|  Leadership & HR   |  Uncovering the True Narrative

Uncovering the True Narrative


You think you know. Your team has their tasks to complete, their roles to fulfil. You know where they are working – may even be able to picture their kitchen/ bedroom or what ever happens to be their ‘office’ space right now. You might be keeping track of their progress and may well be pinging emails or talking via video.


But do you really know that is going on behind the scenes? Even when you’re sitting in the same space (whether that’s physical or virtual) and discussing the same project, the true narrative for others that underlies what they share and you see can be so well hidden.


Take the example of two employees, Carl and Jenny. They hear the same message from you but their individual perceptive based on their experience and the subtle differences in how you communicate with them differently, makes all the difference to their internal dialogue:

You “What are your thoughts about X?”

Carl: I can’t tell the truth; I will be laughed at/ judged/ criticised/ ignored

Jenny: Great! My opportunity to share my idea, even though it is a bit wacky!


You: “Can you bring that date forward?”

Carl: I’m not really being asked; I’m being told to get it done, on top of everything else.

Jenny: That will be ok as I’ll be able to negotiate what else can move so that I can fit it in.


You: “I noticed your camera and mic weren’t on.”

Carl: They don’t trust I was actively engaged. Typical micro-management.

Jenny: Fair point – I forgot to explain why. And I know that cameras can help us connect.


Our Unique Narrative

We’re all shaped by previous experience whether that’s about our behaviour, performance, appearance or any other aspect of ourselves that subconsciously invites a reaction from those around us. As Ciaran Thapar observed recently when reporting about the difference between being black and white, Carl and I experience unequal versions of the [same] city.


Substitute the world ‘city’ for world or organisation. And I’m not just talking about race or belittling that as a comparison. I’m referring to the fact that unless we are aware of each other’s individual stories, we struggle to empathise. And without empathy, our relationships are misaligned and that affects trust. You don’t need me to spell out that without trust, we aren’t engaged.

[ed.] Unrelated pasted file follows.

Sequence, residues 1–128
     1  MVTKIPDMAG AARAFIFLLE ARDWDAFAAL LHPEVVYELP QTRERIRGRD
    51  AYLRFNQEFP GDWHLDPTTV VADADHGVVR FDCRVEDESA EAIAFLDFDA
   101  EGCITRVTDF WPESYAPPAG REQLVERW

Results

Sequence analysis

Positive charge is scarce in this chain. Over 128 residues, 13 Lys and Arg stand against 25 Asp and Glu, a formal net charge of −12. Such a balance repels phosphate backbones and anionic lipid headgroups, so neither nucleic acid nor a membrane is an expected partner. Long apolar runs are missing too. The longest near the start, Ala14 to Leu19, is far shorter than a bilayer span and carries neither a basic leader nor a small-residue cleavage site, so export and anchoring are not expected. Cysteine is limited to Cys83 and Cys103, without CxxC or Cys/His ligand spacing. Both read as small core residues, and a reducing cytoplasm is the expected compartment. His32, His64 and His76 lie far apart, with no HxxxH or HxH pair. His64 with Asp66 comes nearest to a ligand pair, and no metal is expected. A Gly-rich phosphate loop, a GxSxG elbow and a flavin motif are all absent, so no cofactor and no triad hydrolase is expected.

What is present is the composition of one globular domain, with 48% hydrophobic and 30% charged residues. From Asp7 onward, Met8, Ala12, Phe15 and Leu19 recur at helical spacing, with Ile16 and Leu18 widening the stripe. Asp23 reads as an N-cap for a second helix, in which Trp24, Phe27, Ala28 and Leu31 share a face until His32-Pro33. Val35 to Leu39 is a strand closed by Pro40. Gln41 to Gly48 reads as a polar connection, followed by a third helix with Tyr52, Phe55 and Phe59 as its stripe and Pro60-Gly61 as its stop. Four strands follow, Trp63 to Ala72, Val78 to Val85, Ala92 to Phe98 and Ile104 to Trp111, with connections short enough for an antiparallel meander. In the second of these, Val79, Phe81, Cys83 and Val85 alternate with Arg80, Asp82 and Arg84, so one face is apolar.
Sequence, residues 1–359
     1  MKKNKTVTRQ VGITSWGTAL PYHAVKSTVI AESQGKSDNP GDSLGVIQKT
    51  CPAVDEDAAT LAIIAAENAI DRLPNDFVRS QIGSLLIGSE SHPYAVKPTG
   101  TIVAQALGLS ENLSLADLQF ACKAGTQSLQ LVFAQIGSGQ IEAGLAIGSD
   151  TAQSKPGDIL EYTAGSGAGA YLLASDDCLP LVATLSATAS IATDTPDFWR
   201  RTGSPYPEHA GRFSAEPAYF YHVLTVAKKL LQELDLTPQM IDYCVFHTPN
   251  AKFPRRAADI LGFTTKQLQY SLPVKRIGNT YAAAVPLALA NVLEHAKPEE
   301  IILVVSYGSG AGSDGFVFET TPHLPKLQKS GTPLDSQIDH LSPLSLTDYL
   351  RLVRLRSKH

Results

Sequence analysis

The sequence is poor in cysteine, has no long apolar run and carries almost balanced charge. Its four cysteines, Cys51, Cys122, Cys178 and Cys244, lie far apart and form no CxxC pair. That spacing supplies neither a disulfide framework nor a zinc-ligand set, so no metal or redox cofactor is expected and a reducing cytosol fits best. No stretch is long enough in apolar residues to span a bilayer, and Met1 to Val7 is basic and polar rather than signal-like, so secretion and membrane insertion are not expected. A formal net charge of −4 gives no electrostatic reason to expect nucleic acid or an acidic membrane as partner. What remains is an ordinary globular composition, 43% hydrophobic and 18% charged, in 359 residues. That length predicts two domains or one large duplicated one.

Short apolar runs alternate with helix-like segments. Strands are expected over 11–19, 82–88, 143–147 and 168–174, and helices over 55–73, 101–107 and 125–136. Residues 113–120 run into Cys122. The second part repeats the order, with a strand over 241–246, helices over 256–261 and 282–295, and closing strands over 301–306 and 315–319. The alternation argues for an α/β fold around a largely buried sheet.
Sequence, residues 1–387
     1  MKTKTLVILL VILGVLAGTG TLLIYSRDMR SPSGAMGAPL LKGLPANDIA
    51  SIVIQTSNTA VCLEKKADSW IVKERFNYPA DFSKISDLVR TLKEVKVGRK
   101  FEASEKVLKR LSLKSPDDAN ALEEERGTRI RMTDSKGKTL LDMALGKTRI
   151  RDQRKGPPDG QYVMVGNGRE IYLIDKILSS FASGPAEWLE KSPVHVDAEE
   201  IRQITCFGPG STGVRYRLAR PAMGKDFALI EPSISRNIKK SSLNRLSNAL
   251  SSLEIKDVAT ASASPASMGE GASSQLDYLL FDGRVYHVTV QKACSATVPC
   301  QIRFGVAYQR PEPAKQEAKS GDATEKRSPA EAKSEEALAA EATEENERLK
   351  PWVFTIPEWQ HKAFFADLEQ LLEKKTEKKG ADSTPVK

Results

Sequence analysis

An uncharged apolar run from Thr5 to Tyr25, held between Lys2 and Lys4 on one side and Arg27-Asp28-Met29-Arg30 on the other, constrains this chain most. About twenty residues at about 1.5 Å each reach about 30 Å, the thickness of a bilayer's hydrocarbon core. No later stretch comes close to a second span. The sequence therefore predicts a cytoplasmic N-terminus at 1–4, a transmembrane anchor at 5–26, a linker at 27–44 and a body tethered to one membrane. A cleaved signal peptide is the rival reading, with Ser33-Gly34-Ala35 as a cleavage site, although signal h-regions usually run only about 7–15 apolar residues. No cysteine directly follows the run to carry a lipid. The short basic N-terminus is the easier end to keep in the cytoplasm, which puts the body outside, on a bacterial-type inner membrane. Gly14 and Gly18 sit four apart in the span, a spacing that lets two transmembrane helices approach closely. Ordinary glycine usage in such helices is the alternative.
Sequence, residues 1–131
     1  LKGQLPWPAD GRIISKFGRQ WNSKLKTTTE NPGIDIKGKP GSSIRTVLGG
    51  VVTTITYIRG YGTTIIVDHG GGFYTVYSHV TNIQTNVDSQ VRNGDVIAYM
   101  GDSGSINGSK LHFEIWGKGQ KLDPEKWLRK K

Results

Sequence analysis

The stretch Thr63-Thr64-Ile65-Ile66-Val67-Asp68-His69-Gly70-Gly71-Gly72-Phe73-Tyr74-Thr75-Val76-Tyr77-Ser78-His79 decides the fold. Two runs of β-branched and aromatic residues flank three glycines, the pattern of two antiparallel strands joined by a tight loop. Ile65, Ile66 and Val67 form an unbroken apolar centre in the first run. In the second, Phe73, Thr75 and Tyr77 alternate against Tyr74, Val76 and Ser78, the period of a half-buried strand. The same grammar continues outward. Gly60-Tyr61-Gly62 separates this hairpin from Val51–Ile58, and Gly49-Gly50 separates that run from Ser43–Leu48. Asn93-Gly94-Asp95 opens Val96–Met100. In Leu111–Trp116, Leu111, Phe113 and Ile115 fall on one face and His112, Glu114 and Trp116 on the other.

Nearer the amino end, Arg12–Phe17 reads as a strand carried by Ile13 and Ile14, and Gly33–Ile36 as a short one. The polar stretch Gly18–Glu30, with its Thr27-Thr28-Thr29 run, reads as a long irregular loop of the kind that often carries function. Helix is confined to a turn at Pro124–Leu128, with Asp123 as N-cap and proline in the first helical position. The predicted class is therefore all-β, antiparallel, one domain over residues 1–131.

So, we have to learn from others to understand their world. That means strengthening our radar for noticing what’s not quite right and what could be better by asking questions like:

  • What are your thoughts about X? I value your feedback as we’re feeling a bit stuck. Let’s put all the suggestions on the table, however controversial, to really open up our thinking. Let’s remind ourselves of the ground rules about being respectful and honest.
  • How does it feel working at home? Are you find opportunities to get away from your desk (maybe walk and talk on the phone)? Are you managing to set work hours that suit you and stick to those? What are the downsides? What would make a positive difference? What do you need from me?
  • What’s going on for you this week at home/ with your family? How is X finding the lockdown? How are you managing not going to your usual club/ seeing friends?


In other words, show you are interested and care by asking, giving time and asking more. Think about the last time you asked “How are you?” and paused to hear the answer and the spent a few minutes exploring that in a bit more depth. Or did you accept the “Fine thanks/ busy/ good?”



Be a Conscious Leader

Because you will have modelled the truth in what you’re saying, in other words, really hearing feedback, showing empathy and acting on feedback in a sensitive way, you will be authentic. Trust is built on authenticity; when you get this right, you know that you have a relationship with your team that is about respect, development and progress.


Our organisational assumptions, unwritten rules and personal biases preserve unsaid traditions that maintain inequality, whether that’s about the difference in power between a boss and employee, the confidence and ability to speak up, or a fear of judgement. There really is no time like the present to make a conscious decision about what type of leader you want to be for your team or company.


Ask yourself the question about where you fit on this scale.

And then ask your employees. Consciously decide who you want to be and identify three things you can do over the next week that will demonstrate that. And stay on your path; others’ brains will be programmed to know what to expect from you so if you choose to change, it might take a while to get noticed. But it will be worth it.


If you’re struggling to identify three things or to make the breakthrough you want, get in touch and I’ll help you get to the place you want to be.


Ref. Fear, Fury and a Failed State, Ciaran Thapar, GQ September 2020